Adolescence is well-known as a time of higher irritability for kids. This isn’t an excuse for bad behavior, but it can explain why “little things” seem more irritating at different times.

8. Managing Explosive Rage

Some parents worry because a child’s anger is beyond what they would consider typical. Know that if your child exhibits explosive rage, you can still use the suggestions above to deescalate a situation.

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If your child’s anger is extreme, you may want to seek counseling. Even if your child won’t participate, you can go yourself to get support and guidance.

No matter what degree of anger your child exhibits, the fact is, they’re still responsible for managing that emotion.

And remember, it’s a learning process. It doesn’t happen overnight, but you can help your child improve their coping skills with consistent support and encouragement.

9. Managing ODD and IED Kids

Kids diagnosed with oppositional defiant disorder (ODD) will fight against being controlled in even the smallest way. These kids have trouble controlling their impulses and often lose their tempers in a way others don’t understand. One mom I worked with shared:

“I just don’t understand why my son gets so mad, so fast…over nothing! It can be as simple as asking if he has homework or requesting that he put his backpack away. No matter how nicely I say it, he takes it as a criticism and starts yelling.”

That’s because her son sees almost everything his mom says as an effort to control him.

Intermittent explosive disorder (IED) is another diagnosis parents may hear from mental health professionals. It means a child (or adult) has episodes of intense rage that result in behavior such as screaming, throwing or breaking things, and aggression toward others.

This diagnosis is marked by episodes of anger that come and go (intermittent) and are intense or severe (explosive). The episode may appear to come out of nowhere, and the individual has difficulty managing the intense emotion.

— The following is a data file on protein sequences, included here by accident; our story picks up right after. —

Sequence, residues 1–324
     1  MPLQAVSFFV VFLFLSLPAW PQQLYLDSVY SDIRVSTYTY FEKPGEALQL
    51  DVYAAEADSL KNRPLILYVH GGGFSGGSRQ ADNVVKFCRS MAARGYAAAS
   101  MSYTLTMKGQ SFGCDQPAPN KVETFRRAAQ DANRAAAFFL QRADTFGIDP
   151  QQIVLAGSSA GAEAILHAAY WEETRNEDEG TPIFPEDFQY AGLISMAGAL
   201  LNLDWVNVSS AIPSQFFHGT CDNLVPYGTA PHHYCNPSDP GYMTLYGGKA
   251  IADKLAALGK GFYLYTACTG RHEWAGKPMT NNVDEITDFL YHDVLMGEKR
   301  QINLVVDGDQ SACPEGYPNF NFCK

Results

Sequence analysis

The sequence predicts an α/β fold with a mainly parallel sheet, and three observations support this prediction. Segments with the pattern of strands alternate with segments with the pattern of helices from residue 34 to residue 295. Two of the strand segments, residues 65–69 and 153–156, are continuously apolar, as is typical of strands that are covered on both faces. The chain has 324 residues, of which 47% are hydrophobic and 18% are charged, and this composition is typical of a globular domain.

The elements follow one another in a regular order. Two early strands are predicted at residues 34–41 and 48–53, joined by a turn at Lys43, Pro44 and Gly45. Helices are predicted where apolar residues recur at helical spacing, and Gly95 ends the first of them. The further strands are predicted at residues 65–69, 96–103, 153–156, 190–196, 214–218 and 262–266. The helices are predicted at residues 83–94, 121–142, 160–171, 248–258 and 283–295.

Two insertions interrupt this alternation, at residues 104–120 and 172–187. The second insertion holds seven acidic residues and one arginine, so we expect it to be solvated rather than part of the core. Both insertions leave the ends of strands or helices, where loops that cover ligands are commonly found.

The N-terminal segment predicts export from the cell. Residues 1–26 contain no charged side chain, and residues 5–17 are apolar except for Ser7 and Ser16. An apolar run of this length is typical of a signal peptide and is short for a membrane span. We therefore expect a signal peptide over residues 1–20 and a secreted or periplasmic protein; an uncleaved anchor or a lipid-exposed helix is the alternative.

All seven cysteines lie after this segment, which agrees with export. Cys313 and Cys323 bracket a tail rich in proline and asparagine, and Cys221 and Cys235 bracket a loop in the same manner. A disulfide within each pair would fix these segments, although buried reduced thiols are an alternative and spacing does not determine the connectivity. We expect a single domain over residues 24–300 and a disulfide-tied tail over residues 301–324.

The techniques above are particularly important for ODD and IED kids. But remember, no matter the diagnosis, your child is responsible for their own behavior and should be held accountable for their behavior.

Related Content:
Dealing with Anger in Children and Teens: Why Is My Child So Angry?
Anger with an Angle: Is Your Child Using Anger to Control You?

Empowering Parents Podcast:
Apple, Spotify

Notes and References

About and

Kimberly Abraham and Marney Studaker-Cordner are the co-creators of The ODD Lifeline® for parents of Oppositional, Defiant kids, and Life Over the Influence™, a program that helps families struggling with substance abuse issues (both programs are included in The Total Transformation® Online Package). Kimberly Abraham, LMSW, has worked with children and families for more than 25 years. She specializes in working with teens with behavioral disorders, and has also raised a child with Oppositional Defiant Disorder. Marney Studaker-Cordner, LMSW, is the mother of four and has been a therapist for 15 years. She works with children and families and has in-depth training in the area of substance abuse. Kim and Marney are also the co-creators of their first children's book, Daisy: The True Story of an Amazing 3-Legged Chinchilla, which teaches the value of embracing differences and was the winner of the 2014 National Indie Excellence Children's Storybook Cover Design Award.

Comments (35)
  • Cassie
    My bro with disabilities had "anger" issues that threatened to derail him thru life. Finally one therapist simplified it, had a role play with his boss, home management, me, where she asked staff what do you want from him; reply, that he stays at least 8 ft away whenMore angry. This simple rule changed his life. Finally he knew what was needed, something clear that he could manage. Therapist also explained that staff should leave, not try to explain during episode, but plan to talk with him next day. Always worked.
  • Nana M
    @Britmain: the sock thing: I did something similar to this when I was a child; the seams of the socks or the way the fabric laid bothered me extremely. But I am highly sensitive and back then, I'm convinced I was OCD (obsessive compulsive disorder). Hope that helps aMore little.
  • grandma S
    I have a 15 year old granddaughter that in the last couple of months has lost control at least once a month. Sometimes it is as little as not rolling a cookie dough correctly to having a total melt down because her clothes in her closet need to beMore placed in a certain order. She does not exhibit this type of attitude at school, church or other type of venues, but when she is with family is when her anger shows up. Her mother and father divorced 3 years ago and sometimes we think maybe she is still angry with them. She lives totally with her mom and goes to her fathers everyother weekend. But that being said, she loves her dad but if she ever has the opportunity to stay at her moms she will take it. She is such a lovely young lady. Very bright, top of her class, cheerleader, youth group leader, and very motivated in all situations she comes in contact with. Once she loses her control she can not get it back. How do we help her. Grandma that loves so much but is very concerned.